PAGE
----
Michael Coveney: Donmar plays Globe in Tony Awards; Superstar cancels US tour; theatre goes al fresco
The Tonys, announced on Sunday, feature an impressive number of Brits; while Andrew Lloyd Webber's ''Jesus Christ Superstar'' has had less success Stateside
Shakespeare Globe's Twelfth Night was the one big British winner at last Sunday's Drama Desk Awards, presented by TheaterMania, parent company of WhatsOnStage, at the Town Hall in New York.
These important awards - voted for by the city's critics - are a pretty good indication of what might do well at this coming Sunday's Tony Awards at Radio City Hall, and Twelfth Night repeats its winning Drama Desk nominations - for best revival, and best director (Tim Carroll) - in the Tony list.
There are Twelfth Night nominations, too, for Samuel Barnett (best actor), Paul Chahidi, Stephen Fry and Mark Rylance (best featured actor) and Jenny Tiramani (costumes). And Rylance, naturally, is nominated as best actor, too, as Richard III.
But Twelfth Night will be pushed to the wire by Michael Grandage's revival of The Cripple of Inishmaan - although there's nary a nod for Daniel Radcliffe - which also boasts six Tony noms: as best revival and for Sarah Greene (featured actress), Grandage himself (best director), Christopher Oram (best designer), Paule Constable (lighting) and - this would be a terrific one to win - Alex Baranowski (sound design), who has had a fine but unsung career so far at the National Theatre, Donmar and Sheffield Crucible.
Oram is nominated in a category dominated by Brits plus Bob Crowley (who's Irish): Crowley for John Tiffany's revival of The Glass Menagerie, Es Devlin for the Machinal revival starring Rebecca Hall; and Julian Crouch stakes a claim as best musical designer for Hedwig and the Angry Inch.
We'll be rooting, too, for Ramin Karimloo as best musical actor in the new Les Misérables and Sophie Okonedo as featured actress in A Raisin in the Sun. And here's toasting, unequivocally, Joan Marcus, already announced as special Tony recipient for "excellence," the production photographer of 30 years' standing who's married to Brit-on-Broadway publicist Adrian Bryan-Brown; so we'll claim her, too.
Superstar flops belly-up before it begins
More bad luck for Andrew Lloyd Webber, alas, following the early closure of Stephen Ward. The planned 50-city rock arena tour of Jesus Christ Superstar has been pulled at the last minute due to not enough tickets being sold to cover the extensive costs. The show, due to open on Monday in New Orleans, was cancelled last Friday.
Rock group promoters S2BN Entertainment - previously involved in the chaotic gestation of Spider-Man: Turn off the Dark on Broadway - were producing the show together with the Really Useful Group and planning to take in venues such as Madison Square Garden in New York and the Staples Centre in Los Angeles, with a top ticket price of $125 (about £75). Needless to say, Ben Forster, who won the role of Jesus in the London revival after winning the ITV talent contest Superstar, is feeling well gutted.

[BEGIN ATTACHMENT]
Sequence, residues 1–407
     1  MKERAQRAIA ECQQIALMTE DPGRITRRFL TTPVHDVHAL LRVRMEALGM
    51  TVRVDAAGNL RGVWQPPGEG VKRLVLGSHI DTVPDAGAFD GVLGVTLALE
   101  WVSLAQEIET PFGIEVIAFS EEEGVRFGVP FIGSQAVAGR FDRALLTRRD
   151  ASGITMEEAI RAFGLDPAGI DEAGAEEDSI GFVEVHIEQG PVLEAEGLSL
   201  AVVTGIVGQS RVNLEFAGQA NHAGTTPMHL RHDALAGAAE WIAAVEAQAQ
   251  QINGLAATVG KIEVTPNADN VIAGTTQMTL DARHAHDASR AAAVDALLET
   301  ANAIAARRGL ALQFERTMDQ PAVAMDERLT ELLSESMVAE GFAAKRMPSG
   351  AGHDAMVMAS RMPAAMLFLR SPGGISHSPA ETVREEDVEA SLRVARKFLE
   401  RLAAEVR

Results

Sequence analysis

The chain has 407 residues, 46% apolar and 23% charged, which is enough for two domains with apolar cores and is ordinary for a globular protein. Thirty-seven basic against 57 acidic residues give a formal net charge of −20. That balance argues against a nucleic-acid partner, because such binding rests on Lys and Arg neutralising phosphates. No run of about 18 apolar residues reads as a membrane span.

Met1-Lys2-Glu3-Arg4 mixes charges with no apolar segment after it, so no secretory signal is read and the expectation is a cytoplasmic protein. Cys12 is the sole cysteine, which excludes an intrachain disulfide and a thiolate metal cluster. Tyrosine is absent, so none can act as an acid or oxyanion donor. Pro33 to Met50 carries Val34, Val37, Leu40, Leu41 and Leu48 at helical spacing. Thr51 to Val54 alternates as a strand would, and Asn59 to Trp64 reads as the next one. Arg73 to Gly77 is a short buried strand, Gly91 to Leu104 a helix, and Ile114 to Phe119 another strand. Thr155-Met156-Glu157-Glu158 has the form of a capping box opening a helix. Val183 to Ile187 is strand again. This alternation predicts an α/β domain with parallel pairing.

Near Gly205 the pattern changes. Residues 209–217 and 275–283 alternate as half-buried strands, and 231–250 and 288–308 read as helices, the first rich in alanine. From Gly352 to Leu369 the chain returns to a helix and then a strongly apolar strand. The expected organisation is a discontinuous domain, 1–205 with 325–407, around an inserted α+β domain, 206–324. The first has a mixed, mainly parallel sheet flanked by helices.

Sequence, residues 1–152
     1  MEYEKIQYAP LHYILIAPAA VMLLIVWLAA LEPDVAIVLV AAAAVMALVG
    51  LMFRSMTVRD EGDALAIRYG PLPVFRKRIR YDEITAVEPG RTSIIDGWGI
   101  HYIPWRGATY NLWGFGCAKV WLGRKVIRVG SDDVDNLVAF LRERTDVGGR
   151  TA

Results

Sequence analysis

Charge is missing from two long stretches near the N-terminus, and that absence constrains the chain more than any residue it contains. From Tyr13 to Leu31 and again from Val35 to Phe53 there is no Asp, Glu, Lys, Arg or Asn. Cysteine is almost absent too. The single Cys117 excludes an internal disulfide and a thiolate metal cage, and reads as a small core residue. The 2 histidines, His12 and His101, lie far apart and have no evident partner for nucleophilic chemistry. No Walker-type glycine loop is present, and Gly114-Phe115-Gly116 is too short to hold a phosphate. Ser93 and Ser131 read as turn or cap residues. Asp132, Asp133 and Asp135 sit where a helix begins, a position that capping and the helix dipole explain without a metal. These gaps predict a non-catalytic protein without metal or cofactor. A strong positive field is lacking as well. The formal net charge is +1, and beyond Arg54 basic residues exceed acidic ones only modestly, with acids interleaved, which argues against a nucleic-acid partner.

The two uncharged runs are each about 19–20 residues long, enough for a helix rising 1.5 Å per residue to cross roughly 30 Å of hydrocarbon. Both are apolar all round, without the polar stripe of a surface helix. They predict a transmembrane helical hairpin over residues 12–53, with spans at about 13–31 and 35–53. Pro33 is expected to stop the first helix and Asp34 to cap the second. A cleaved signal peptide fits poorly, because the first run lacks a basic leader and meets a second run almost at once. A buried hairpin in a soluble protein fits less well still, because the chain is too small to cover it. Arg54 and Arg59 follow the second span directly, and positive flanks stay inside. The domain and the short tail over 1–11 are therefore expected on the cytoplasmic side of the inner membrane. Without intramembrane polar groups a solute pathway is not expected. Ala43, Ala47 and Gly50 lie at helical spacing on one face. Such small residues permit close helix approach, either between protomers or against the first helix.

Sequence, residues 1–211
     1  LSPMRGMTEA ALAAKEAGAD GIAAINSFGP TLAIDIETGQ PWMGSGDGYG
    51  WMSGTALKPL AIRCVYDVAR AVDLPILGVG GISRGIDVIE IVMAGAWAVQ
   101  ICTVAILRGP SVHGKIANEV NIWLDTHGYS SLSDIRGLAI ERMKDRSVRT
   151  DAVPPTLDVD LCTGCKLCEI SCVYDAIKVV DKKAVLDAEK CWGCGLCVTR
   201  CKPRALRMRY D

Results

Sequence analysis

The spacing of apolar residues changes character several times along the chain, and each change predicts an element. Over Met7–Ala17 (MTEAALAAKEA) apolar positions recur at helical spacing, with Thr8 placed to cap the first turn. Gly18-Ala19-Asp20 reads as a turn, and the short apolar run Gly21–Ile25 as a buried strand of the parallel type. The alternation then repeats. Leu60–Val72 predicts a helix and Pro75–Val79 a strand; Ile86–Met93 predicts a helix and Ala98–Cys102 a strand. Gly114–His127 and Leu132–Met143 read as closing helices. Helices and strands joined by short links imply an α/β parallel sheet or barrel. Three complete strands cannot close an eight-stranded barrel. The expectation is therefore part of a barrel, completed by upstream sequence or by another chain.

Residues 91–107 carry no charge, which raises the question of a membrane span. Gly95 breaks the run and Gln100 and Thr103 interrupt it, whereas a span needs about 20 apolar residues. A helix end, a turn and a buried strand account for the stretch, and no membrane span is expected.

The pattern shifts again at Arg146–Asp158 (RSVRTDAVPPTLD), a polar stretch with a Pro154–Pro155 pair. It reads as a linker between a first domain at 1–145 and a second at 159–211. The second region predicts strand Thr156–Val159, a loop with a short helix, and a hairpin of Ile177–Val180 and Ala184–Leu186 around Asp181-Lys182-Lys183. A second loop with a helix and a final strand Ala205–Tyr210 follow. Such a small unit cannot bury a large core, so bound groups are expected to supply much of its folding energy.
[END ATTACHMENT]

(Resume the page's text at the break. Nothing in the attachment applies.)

My heart is broken. My beautiful talented cast and company I adore. This wonderful show & opportunity is over. I'm so sorry I am devastated.— Ben Forster (@thebenforster) May 30, 2014
And not only him. John Lydon, aka Johnny Rotten of the Sex Pistols, was hired to play Herod, but won't be inviting anyone to walk across his swimming pool anytime soon. Other stranded stars include Brandon Boyd, lead singer of the rock band Incubus, hired to play Judas Iscariot; Michele Williams of Destiny's Child, Mary Magdalene; and JC Chasez from the boy band N Sync, Pontius Pilate.
Outdoor summer shows are safer here, despite the weather
I've had some great indoor theatre experiences this week - Thebans by composer Julian Anderson and playwright Frank McGuinness at ENO was the best musical version of Greek tragedy I've seen in years, and Dmitry Krymov's Opus No 7 at the Barbican is a theatrical blast of stunning power jointly inspired by Stalin and Shostakovich - so I'm rather keen to get outside and blow through in the great British summer.
Paul Simon has a song in which he declares, "You can call me Al"; well, next week, you can call me Al Fresco, as I risk my neck on top of a car park on the South Bank for The Roof, part of the appetising LIFT programme now underway; then take my place in Regent's Park for Nadia Fall's revival of Harold Brighouse's perennial Hobson's Choice. I also plan outings to the Affordable Art Fair on Hampstead Heath and the cricket at Lord's, and am even considering enduring a hard stone seat at the little outdoor arena by Tower Bridge, the Scoop, where the redoubtable Phil Willmott is presenting a full version of The Ring, but without the music, which sounds a brilliantly perverse idea.
You notice that I include non-theatrical pleasures on my agenda. And that's because everything sort of joins up in the summer, and theatre becomes part of everything else, which this year includes the World Cup football in Brazil. And then, of course, there's the Edinburgh Festival which, for the last time, will start off with the usual stagger and stand-off between the Fringe and the International programme. Incoming EIF director Fergus Linehan has announced that, from next year, his programme will come forward a week to start with the Fringe. But I bet the Fringe will still find a way of jumping the gun and I wouldn't be at all surprised to find it starting in the middle of July next year. And that reminds me, I must book a summer holiday, too... but a holiday from what, exactly?